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By Josie Brown

In the MONEY KILL, the fourth novel of NEW YORK TIMES best-selling author Katia Lief’s Karin Schaeffer series, the plot twists come at you so quickly that you never see the killer coming.

But isn’t that the point?

Besides learning how this enthralling plot came to her, it’s always a joy to talk to another novelist if for no other reason than, unlike friends and casual acquaintances, they know, and get your life: both as an artist and a person who makes her living as a storyteller.

I love Katia’s take on what makes a great storyteller, and how to stay financially (and emotionally) successful in this crazy business we all love…

How did the plot concept for THE MONEY KILL come to you?

As the country and the world slipped into economic turmoil these past few years, and the idea of an ‘us and them’ bubbled hotly in the popular conversation—the stark disparity between the ‘one percenters’ and ‘ninety-nine percenters’—I found myself thinking about the power of money along with just about everyone else.  I became intrigued by the idea of writing about the influence of a billionaire whose ability to pay his way out of trouble almost lets him get away with murder.  I named him Godfrey Millerhausen, and what he and his well-heeled wife Cathy don’t realize is that they’ve come up against a team of investigators in Karin Schaeffer and Mac MacLeary who aren’t so easily controlled.

I feel your protagonists’ (Karin and Mac’s) vulnerabilities are what sets them apart. You obviously feel it’s important to show their depth of feelings. What is your process for finding their inward motivations?

I suppose it’s a combination of logic and intuition.  Protagonists have to feel like real people to the reader or their challenges, goals and plights won’t be compelling.  I also feel, as a reader myself and as a writer, that if a character isn’t at least as vulnerable and flawed as the average person, they won’t be interesting and they certainly won’t be relatable. In a sense, one of Karin’s strengths from the beginning of the first novel in the series (YOU ARE NEXT) was rooted in her weakness:  Because she was suicidally depressed, she felt she had nothing to lose in her quest to stop a serial killer from harming what remained of her family, which made her a formidable opponent because she was more than willing to risk her life.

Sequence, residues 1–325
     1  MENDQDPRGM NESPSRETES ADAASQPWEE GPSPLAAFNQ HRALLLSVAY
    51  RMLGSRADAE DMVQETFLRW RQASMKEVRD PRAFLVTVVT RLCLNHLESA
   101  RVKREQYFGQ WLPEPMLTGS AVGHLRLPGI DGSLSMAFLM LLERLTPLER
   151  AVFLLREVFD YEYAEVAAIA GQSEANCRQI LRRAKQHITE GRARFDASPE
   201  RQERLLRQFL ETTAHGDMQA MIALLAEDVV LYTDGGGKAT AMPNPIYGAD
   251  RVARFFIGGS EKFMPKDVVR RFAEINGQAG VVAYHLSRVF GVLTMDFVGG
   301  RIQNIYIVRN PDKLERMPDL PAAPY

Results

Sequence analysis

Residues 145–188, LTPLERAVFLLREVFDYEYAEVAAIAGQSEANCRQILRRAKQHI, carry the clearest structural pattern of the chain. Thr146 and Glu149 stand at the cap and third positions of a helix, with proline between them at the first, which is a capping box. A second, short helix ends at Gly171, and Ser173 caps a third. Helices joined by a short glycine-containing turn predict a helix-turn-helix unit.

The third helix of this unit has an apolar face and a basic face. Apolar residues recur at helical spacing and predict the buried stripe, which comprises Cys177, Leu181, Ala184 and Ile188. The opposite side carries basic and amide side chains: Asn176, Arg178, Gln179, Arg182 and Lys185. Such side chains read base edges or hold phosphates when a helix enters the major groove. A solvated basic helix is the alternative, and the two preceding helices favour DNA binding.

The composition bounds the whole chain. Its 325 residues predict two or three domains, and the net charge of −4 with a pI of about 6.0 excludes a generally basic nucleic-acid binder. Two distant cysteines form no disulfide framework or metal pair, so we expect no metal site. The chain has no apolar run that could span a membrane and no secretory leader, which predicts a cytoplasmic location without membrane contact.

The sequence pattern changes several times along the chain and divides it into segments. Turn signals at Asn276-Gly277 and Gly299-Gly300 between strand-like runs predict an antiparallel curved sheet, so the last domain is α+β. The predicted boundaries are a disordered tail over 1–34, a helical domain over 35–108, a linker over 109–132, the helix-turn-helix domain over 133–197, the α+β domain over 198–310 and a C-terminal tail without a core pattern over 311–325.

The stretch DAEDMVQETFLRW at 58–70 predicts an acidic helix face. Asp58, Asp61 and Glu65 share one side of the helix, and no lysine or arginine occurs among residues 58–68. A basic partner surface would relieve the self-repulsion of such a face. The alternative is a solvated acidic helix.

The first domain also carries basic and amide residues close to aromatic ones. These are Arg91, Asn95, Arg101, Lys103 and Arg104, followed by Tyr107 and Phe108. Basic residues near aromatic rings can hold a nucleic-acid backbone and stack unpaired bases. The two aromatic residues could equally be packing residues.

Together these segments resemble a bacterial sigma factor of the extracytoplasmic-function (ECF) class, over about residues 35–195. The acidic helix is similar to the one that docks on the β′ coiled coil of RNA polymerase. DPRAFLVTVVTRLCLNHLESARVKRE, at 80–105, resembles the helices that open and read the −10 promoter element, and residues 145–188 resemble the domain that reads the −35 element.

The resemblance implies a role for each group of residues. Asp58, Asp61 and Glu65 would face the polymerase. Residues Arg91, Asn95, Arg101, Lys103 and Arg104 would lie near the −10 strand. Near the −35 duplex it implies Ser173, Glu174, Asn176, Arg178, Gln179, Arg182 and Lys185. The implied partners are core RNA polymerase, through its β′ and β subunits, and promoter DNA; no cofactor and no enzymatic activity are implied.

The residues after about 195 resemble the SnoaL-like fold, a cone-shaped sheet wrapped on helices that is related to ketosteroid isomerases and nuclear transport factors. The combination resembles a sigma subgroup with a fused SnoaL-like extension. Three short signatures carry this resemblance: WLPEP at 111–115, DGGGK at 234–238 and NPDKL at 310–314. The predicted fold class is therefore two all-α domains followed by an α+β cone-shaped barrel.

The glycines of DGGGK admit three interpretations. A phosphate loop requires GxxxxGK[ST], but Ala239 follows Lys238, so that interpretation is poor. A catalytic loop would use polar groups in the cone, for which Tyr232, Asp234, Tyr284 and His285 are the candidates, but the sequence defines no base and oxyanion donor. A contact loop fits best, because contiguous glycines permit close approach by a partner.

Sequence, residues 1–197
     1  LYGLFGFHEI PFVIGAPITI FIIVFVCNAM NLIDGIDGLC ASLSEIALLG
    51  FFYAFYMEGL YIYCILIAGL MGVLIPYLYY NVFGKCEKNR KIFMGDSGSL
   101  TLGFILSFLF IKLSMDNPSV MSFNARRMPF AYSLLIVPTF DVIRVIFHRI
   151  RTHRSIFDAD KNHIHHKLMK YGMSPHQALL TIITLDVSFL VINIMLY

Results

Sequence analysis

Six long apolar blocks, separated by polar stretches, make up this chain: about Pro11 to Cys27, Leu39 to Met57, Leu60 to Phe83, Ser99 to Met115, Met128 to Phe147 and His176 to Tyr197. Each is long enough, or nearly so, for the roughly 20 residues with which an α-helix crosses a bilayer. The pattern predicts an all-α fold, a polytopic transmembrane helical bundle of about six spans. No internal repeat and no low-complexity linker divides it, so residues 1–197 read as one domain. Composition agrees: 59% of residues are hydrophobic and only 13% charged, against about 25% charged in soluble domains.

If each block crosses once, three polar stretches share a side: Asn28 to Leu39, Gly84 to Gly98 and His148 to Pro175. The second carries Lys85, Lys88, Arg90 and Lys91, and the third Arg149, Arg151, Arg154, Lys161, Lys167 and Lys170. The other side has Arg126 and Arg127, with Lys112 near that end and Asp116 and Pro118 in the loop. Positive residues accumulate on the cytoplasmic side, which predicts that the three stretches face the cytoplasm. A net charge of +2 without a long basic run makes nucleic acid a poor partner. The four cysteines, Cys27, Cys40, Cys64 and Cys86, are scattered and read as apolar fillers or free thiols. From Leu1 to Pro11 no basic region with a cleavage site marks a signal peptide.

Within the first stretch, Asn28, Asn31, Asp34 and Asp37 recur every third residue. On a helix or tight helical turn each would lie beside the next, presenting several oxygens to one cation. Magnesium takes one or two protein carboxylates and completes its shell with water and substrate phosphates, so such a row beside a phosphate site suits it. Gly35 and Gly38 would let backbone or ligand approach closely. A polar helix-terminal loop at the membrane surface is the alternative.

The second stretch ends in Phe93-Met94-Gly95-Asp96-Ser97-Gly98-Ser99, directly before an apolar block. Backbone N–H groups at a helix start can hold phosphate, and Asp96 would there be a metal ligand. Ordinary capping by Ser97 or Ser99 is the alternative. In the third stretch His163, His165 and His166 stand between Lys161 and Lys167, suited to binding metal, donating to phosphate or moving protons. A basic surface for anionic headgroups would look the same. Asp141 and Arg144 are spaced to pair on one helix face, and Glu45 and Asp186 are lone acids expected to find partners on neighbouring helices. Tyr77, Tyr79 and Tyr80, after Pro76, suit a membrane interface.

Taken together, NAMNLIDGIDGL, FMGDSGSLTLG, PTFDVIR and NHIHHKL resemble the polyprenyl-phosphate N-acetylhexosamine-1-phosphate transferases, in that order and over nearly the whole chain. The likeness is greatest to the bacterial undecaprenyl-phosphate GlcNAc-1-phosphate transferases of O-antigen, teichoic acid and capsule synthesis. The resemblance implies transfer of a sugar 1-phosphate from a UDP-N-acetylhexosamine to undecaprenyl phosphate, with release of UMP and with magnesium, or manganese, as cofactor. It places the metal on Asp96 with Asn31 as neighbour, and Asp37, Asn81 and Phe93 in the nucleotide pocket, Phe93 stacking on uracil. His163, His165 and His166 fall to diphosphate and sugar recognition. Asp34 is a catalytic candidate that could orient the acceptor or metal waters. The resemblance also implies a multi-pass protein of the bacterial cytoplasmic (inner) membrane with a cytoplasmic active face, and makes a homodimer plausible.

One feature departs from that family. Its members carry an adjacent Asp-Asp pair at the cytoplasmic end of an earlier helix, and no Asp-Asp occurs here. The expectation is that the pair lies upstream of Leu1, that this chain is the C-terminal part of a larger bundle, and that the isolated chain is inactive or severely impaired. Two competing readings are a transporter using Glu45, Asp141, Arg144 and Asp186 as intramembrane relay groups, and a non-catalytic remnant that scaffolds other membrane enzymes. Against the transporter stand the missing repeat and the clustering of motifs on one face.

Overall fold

What do you feel has been the most pivotal changes in your character’s lives? How does this latest installment address this?

Probably the most pivotal change for Karin is that she manages to rebuild a happy life out of utter hopelessness.  She finds love and creates a new family, which sustains her as she battles crime.  In each of the four books in this series, her life develops and her family expands.  By the end of THE MONEY KILL each new family member connects directly to one of the novels.  A reader who follows the series straight through will (I hope) come away with a deep empathy for each character’s unique role in what is an unusual and close family.

What is your soup-to-nuts novel writing process? 

Roughly, my process is this: